Credit Bubble Bulletin

Credit Bubble Bulletin2020-05-20T17:01:05-06:00

Presented by Doug Noland

Daily Commentary

Wednesday, September 15, 2021

[Yahoo/Bloomberg] US Steady, Europe Stocks Slip with Treasuries: Markets Wrap

[Yahoo/Bloomberg] China Stocks Battered by Economic Data, Evergrande Non-Payment

[Reuters] Asian stocks stumble as weak China data fan global growth worries

[Yahoo/Bloomberg] China’s Economy Weakens on Delta Outbreak and Wary Consumers

[Yahoo/Bloomberg] China Tells Banks Evergrande Won’t Pay Interest Next Week

[Reuters] China Evergrande’s liquidity crisis deepens, report flags interest payment miss

[Yahoo/Bloomberg] China Property Slowdown Deepens as Evergrande Hurts Outlook

[Reuters] China’s factory, consumer sectors stumble on COVID-19 disruptions

[Reuters] Fitch says possible China Evergrande default may have broader effects

[Reuters] China’s new home prices grow at slowest pace in eight months on cooling measures

[Reuters] Analysis: ECB sees a new inflation ‘hump’ as prices surge

[Reuters] Canada’s annual inflation rate in August hits 4.1%, highest since 2003

[Reuters] UK inflation soars to 9-year high on rebound from restaurant discount scheme

[Yahoo/Bloomberg] Priciest Food Since 1970s Is a Big Challenge for Governments

[Yahoo/Bloomberg] Wall Street Chiefs Meet China Officials Amid Market Turmoil

[Reuters] North and South Korea conduct duelling missile tests as arms race heats up

[Bloomberg] Evergrande Gives China an Impossible Equation to Solve

[WSJ] What’s Your Raise Really Worth? Inflation Has Something to Say About It.

[WSJ] Census Figures Show Americans’ Incomes Fell in 2020

[WSJ] China’s Property Curbs Send Economic Tremors

[WSJ] China Goes Cold Turkey on Property

[WSJ] High Steel Prices Have Manufacturers Scrounging for Supplies

[FT] Chinese land auction blunder undercuts Xi’s inequality crusade

[FT] Chip prices set to rise into next year as TSMC increases rates

[FT] Why Europe fears a gas crunch even before winter demand begins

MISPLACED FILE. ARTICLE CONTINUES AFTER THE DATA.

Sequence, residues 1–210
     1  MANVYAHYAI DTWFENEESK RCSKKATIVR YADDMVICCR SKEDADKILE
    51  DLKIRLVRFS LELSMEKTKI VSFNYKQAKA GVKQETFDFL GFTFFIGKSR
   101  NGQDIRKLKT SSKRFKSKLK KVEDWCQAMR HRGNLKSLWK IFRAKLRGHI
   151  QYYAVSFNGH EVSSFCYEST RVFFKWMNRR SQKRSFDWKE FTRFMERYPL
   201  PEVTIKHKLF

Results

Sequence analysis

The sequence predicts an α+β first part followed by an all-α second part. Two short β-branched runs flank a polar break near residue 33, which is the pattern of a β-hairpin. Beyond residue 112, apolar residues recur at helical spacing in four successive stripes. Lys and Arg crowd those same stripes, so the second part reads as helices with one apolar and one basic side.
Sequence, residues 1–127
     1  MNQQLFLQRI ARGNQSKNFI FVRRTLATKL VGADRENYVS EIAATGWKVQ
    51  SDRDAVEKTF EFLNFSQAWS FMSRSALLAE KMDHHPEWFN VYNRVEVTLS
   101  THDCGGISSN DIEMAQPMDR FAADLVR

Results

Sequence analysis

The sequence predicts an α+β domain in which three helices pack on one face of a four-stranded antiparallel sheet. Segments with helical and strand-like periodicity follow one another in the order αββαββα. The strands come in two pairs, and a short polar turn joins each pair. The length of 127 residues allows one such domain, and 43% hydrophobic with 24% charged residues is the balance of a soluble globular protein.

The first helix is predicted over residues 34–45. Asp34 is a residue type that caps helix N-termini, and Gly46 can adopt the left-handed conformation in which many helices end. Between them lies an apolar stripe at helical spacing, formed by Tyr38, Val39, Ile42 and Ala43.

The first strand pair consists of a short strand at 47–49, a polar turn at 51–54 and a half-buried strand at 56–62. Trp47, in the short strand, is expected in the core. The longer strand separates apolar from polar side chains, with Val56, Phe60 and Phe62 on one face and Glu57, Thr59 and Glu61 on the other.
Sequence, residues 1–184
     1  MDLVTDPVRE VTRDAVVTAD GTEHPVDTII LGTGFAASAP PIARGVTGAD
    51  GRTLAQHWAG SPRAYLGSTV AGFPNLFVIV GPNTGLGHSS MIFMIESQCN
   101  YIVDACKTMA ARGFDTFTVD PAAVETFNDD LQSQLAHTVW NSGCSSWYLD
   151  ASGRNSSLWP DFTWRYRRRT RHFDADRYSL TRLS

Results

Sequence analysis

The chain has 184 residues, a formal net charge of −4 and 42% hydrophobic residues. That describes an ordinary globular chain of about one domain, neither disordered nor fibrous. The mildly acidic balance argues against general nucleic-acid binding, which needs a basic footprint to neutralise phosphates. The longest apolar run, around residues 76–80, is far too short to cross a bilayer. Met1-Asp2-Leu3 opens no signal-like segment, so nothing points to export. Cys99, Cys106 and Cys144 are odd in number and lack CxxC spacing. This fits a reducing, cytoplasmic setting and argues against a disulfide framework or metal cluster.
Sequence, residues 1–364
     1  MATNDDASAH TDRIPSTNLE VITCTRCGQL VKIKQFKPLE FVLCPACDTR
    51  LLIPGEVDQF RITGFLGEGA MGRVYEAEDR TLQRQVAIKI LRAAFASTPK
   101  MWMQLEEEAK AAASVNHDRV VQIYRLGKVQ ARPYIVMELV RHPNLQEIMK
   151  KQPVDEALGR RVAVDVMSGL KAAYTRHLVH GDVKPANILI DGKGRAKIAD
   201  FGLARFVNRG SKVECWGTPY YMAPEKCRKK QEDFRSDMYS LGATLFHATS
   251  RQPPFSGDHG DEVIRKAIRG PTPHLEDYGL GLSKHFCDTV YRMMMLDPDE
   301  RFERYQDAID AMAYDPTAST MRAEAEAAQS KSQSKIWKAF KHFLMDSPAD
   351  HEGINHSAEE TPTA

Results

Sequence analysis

[FT] Cryptocurrency: rise of decentralised finance sparks ‘dirty money’ fears

 

Weekly Commentary

September 3, 2021: Easy Money Anesthesia

China’s historic Bubble has been integral to CBB analysis for two decades. I’ve on a weekly basis chronicled how interconnected Chinese and the U.S. Bubbles worked in harmony to inflate one epic global Bubble. Loose U.S. monetary policy and financial conditions were initially instrumental in stoking expansion of Chinese finance and economic output. As for China, it “recycled” massive trade surpluses with the U.S. back into American securities markets, helping sustain U.S. Bubble excess.

It was a symbiotic relationship of far-reaching historical significance. China was desperate for growth and development. The U.S. preferred to deindustrialize – while still enjoying access to cheap manufactured goods (lower CPI, greater monetary accommodation and higher asset prices). Rather than a fledgling competitor, China development was considered a potentially enormous economy determined to adopt free-market capitalism and integrate with the West. They aspired to be like us.

The booming Chinese economy essentially enjoyed unlimited cheap finance. And as dollars flooded in, their ballooning horde of international reserves bolstered China’s pegged currency regime. This stoked “hot money” inflows, while unleashing domestic Credit creation. There were essentially no restraints on Chinese bank lending, as China circumvented the type of currency vulnerability that would typically place constraints on EM Credit Bubble excess.

Bubbles are mechanisms of wealth redistribution and destruction. “Symbiotic relationships” – typified by cooperation and integration – are by their nature transitory phenomena, creatures of the early-Bubble notion of an expanding economic “pie.” Inevitably, late-cycle insecurities and fears of a shrinking pie spur disintegration and conflict.

The prolonged global Bubble period literally inflated China to superpower status, creating rival Bubbles without precedent. The newfound intensity of this rivalry was revealed during the Trump presidency, most conspicuously in fraught trade negotiations. Heated trade talks forced Beijing again to retreat from measures meant to rein in Bubble excess. Understandably, the perception solidified that Beijing wouldn’t dare risk piercing China’s colossal Bubble. The pandemic then incited the most outlandish stimulus measures and system Credit expansion imaginable. (more…)

Load More Posts

Credit Bubble Bulletin – Archives

More Posts